|Branding in the Social Computing Age|
|Written by Mike Ellsworth|
|Sunday, 25 April 2010 18:45|
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Branding in the Social Computing Age
Take a look at why brands exist. You could argue that brands exist primarily to reassure the customer about a variety of relatively objective product parameters: quality, user experience (taste, feel, GUI), price, service, and the like. All these qualities are summed up in the shorthand we know as brand. Brands make us comfortable. They are an easy way for us to assess a product. A brand is a promise.When I first wrote that intro back in 2001, eCommerce was a relatively new thing. Google was a couple of years old; Amazon was five, but not nearly the dominant giant it is today. Other current trends and concepts such as Web 2.0, social networking, blogging, wikis, and instant messaging were just ideas, if that.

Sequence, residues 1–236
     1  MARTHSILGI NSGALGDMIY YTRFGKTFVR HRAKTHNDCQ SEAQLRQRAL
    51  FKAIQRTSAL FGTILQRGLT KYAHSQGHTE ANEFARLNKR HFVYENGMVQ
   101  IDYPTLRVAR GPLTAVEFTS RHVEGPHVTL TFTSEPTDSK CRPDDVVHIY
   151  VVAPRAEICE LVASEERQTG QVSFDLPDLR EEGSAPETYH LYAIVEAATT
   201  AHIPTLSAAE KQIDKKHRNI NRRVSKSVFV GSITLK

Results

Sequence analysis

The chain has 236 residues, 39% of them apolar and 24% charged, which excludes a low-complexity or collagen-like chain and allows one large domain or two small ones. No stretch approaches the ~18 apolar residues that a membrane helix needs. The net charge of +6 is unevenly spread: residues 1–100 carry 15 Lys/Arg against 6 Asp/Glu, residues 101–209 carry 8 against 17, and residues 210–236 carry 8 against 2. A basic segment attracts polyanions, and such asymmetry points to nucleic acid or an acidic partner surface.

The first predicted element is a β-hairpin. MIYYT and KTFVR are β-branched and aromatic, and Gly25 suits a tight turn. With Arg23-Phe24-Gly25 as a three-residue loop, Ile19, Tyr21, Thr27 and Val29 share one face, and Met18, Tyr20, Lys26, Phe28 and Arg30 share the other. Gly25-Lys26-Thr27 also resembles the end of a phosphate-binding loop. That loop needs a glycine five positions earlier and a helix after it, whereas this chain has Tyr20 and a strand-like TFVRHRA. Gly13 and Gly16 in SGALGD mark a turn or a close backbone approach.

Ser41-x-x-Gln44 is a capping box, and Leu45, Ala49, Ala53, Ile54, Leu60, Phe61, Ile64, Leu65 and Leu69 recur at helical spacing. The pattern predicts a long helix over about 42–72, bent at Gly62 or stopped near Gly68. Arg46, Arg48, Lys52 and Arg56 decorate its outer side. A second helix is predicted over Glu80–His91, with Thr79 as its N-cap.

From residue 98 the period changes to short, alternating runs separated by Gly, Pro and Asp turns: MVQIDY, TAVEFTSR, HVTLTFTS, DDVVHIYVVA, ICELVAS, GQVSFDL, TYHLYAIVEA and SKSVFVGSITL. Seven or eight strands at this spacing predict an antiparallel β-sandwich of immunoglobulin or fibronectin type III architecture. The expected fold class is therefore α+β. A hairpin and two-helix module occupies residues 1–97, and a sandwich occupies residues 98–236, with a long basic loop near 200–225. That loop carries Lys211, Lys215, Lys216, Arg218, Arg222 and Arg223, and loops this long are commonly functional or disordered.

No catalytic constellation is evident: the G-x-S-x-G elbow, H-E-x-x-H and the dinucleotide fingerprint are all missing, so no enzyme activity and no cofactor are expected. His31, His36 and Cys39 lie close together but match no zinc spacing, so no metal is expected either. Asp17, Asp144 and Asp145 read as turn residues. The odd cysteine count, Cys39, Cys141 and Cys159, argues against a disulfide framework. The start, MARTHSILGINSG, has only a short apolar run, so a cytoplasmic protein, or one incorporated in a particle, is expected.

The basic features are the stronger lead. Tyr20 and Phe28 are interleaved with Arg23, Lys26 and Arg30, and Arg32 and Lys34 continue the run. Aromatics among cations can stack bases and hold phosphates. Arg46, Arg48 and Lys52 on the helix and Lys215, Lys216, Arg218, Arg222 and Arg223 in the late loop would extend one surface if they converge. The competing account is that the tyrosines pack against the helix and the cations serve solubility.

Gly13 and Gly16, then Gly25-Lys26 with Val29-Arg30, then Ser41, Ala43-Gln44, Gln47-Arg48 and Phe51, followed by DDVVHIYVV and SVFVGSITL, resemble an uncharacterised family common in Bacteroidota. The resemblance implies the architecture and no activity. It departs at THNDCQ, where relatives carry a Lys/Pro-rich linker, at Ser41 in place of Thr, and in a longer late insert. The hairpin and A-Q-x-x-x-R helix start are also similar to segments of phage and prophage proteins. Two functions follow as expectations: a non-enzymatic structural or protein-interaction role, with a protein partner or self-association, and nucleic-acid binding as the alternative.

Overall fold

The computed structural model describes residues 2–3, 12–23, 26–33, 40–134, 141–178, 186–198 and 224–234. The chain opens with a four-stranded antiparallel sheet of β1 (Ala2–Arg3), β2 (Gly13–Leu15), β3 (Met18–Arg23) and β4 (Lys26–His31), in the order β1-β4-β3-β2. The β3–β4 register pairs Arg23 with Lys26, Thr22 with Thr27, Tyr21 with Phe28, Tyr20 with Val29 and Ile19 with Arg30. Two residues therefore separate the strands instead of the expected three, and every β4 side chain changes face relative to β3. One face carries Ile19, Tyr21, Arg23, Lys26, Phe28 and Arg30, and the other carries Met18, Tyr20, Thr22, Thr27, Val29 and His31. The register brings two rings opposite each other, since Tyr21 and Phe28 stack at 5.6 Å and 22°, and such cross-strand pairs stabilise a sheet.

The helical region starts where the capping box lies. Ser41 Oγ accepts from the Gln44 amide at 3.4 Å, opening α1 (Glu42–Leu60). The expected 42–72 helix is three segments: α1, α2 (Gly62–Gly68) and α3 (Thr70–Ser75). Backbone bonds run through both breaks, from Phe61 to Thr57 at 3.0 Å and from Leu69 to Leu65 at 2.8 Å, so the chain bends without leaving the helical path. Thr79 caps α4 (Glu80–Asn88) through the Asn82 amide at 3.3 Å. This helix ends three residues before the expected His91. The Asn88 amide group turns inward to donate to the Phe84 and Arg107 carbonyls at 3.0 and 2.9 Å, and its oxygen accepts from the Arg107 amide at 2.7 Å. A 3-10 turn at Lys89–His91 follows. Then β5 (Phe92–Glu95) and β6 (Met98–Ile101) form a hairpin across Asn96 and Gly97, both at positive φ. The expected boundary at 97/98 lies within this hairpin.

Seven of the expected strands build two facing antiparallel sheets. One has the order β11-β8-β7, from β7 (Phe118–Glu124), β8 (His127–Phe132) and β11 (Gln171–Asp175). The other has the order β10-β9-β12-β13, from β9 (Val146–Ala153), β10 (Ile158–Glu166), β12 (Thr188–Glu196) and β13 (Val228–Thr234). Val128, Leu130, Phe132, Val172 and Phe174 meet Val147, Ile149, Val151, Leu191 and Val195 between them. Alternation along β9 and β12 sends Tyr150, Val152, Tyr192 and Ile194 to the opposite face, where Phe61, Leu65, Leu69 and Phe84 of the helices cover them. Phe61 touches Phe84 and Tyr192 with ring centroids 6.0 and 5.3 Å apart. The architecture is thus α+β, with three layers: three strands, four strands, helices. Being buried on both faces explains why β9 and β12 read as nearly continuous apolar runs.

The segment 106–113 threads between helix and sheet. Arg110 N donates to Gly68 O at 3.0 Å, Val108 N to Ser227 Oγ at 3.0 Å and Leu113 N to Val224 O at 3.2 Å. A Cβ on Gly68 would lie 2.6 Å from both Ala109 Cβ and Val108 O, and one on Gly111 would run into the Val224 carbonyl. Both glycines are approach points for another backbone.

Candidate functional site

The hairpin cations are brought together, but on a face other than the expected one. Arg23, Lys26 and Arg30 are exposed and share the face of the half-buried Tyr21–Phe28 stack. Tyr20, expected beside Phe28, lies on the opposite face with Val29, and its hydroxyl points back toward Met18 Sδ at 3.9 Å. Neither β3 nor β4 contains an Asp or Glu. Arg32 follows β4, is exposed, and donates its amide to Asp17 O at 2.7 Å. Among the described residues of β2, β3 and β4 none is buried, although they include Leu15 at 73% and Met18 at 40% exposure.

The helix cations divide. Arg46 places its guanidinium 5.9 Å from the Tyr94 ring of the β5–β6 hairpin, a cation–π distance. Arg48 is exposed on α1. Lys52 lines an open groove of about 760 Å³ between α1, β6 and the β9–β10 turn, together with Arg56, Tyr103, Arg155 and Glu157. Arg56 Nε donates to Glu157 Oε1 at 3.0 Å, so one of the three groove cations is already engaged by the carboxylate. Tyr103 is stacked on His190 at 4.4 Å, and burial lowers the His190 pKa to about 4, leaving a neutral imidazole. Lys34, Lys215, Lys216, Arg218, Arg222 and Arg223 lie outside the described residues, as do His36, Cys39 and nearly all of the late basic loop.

Nine years ago, I followed that introduction with: "Imagine a day, however, when it is possible to evaluate all these product qualities instantly, objectively, and in real time. Would that not reduce our dependence on brand? And at the same time, would that not reduce the effectiveness of advertising?"
That day arrived a while ago, and brand marketers are still dealing with its aftermath. Their world is rapidly changing around them, and many still cling to a concept that is becoming less and less relevant: brand positioning.
|Last Updated on Sunday, 25 April 2010 19:40|